Free programme to rid country of old whiteware

Tuesday January 09, 2018 Written by Published in Local
Jessie Sword at the whiteware deposit stand just inside the gates of the CI General Transport yard. She says fans make up a large proportion of the items left at the yard. “They are cheap and don’t last very long.” 18010806 Jessie Sword at the whiteware deposit stand just inside the gates of the CI General Transport yard. She says fans make up a large proportion of the items left at the yard. “They are cheap and don’t last very long.” 18010806

A free whiteware disposal programme is helping to address some of the waste disposal problems on the island.

 

“We have to make sure we don’t drown in our own waste,” says CI General Transport business development manager Jessie Sword.

“Rarotonga will always have imports and anything that we bring in, if it’s not sustainable, needs to be shipped out again.

“We need to work collectively to reduce waste at our landfills and the haphazard dumping of rubbish, which is a big problem here. We need to take responsibility and work together toward protecting our environment.”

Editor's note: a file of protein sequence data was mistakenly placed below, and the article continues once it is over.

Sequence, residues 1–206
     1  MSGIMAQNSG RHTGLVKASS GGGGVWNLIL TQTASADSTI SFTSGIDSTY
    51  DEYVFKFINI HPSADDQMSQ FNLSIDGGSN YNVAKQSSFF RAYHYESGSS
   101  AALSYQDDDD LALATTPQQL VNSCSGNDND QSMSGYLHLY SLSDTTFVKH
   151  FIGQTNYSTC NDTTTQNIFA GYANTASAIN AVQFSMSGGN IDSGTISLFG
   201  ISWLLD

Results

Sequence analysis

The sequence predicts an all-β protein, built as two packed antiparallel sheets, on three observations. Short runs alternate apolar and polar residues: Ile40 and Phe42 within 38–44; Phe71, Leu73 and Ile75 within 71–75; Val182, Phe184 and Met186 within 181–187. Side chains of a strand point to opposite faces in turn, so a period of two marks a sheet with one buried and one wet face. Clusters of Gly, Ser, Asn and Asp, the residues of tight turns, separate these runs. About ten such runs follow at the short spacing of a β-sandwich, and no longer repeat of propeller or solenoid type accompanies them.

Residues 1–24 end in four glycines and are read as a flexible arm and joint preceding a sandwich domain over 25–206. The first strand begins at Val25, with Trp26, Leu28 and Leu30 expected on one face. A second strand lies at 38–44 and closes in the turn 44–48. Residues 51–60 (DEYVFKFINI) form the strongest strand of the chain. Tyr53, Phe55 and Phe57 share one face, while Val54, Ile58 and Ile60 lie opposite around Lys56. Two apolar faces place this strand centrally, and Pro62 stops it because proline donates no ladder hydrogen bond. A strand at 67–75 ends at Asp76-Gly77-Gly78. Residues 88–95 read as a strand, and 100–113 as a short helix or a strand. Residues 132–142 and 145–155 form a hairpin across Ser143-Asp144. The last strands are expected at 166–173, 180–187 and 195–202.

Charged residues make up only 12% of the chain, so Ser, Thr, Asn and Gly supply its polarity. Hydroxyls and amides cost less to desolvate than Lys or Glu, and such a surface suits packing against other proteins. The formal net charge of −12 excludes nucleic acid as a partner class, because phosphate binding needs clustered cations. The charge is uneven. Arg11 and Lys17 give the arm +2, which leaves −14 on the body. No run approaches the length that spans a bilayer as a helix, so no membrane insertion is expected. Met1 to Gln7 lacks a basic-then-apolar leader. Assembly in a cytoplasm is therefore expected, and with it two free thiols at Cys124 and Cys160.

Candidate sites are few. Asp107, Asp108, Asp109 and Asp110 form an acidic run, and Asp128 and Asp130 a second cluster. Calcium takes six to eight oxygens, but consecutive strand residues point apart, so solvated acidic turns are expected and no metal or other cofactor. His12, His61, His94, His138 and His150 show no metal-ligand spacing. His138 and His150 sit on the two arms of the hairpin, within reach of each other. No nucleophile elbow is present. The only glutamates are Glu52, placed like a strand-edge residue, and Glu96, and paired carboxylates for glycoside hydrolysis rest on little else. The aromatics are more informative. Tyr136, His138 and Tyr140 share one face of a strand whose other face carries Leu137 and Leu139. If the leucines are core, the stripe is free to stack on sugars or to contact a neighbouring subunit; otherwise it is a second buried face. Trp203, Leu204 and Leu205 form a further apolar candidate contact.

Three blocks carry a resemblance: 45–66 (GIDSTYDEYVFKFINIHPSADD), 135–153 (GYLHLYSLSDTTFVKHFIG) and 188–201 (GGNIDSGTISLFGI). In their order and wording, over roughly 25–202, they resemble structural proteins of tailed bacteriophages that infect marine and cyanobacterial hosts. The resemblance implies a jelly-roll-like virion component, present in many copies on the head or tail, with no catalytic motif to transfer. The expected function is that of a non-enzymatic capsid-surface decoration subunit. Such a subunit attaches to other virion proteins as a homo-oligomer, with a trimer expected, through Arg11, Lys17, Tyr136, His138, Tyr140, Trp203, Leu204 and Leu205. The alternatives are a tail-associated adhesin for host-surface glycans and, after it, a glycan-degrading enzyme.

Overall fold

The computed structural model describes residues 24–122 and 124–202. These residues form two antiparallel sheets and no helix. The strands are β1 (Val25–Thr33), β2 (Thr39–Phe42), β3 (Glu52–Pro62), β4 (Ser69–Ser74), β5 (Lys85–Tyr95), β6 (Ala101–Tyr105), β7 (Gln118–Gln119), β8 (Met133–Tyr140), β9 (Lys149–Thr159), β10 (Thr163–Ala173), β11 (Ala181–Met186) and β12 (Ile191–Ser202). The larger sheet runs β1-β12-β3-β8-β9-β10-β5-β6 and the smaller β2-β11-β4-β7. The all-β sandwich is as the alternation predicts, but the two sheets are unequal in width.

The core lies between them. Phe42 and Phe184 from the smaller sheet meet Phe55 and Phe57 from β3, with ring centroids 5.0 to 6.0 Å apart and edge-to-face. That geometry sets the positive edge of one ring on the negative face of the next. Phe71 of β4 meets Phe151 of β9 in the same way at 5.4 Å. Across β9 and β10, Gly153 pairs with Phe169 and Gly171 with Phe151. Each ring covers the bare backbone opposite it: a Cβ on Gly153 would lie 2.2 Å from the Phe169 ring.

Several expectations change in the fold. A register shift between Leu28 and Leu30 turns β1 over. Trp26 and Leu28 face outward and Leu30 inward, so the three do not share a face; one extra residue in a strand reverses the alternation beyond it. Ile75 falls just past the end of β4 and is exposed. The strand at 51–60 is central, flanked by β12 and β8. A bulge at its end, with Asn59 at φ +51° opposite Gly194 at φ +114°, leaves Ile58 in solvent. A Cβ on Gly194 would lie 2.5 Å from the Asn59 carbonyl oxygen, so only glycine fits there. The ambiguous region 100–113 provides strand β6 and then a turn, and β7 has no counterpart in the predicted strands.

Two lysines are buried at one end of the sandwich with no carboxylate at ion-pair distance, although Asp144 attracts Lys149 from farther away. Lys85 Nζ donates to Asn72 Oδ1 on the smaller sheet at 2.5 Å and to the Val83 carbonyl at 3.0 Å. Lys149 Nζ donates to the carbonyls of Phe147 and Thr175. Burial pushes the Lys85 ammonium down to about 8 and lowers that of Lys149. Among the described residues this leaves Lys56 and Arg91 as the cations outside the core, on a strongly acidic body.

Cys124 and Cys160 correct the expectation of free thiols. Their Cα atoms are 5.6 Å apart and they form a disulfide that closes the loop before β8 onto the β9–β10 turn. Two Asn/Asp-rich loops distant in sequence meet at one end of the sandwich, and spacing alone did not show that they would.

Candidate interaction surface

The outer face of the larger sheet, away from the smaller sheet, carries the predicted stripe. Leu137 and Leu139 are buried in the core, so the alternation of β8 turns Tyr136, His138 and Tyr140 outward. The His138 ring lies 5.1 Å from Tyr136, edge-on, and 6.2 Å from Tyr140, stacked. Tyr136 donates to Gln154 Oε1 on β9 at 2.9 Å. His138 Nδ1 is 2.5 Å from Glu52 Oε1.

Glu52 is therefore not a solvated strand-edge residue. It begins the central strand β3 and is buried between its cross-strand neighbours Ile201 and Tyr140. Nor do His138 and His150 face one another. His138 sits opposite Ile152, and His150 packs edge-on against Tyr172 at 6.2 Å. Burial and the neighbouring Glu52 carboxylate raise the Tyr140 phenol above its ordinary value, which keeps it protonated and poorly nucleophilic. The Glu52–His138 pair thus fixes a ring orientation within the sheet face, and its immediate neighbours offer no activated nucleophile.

The collection programme is funded by the government.

“We can pick up, but we will charge a fee, so use your ute or borrow a ute and bring your whiteware down.”

The yard re-opened yesterday following the holiday break. Weekday hours are from 8am to 4pm and until 12 midday on Saturday.

“A collection base is set up at the gate, and then you just need to go in and sign off with the guy at the office,” says Sword

The whiteware is then compacted and packed for export to the scrap metal dealers in New Zealand.

Sword says the public/private partnership between government and CI General Transport will enable the island to offload some of its whiteware problem, and hopefully stop people from depositing it on the side of the road or dumping it in the undergrowth somewhere out of sight.

“Curbside collectors will not collect it and it becomes a rusted eyesore for locals and tourists. It takes decades to rust away.”

Sword says the flow of dropped-off items is continual, with island residents keen to take advantage of the free service.

“We are encouraging the outer islands to start sorting their rubbish as well and some residents in the southern group are sending their whiteware and aluminium recycling on a barge back to Rarotonga.”

Jessie believes importers should be more aware that the products they bring into the country need to be sustainable, so they don’t impact on the environment.

“We live in a convenient world and want things now, but we have to take some responsibility on that as consumers and look to buy sustainably.”

Meanwhile, CI General Transport is also seeking funding for another electronic waste collection and plans to resume that service in March.

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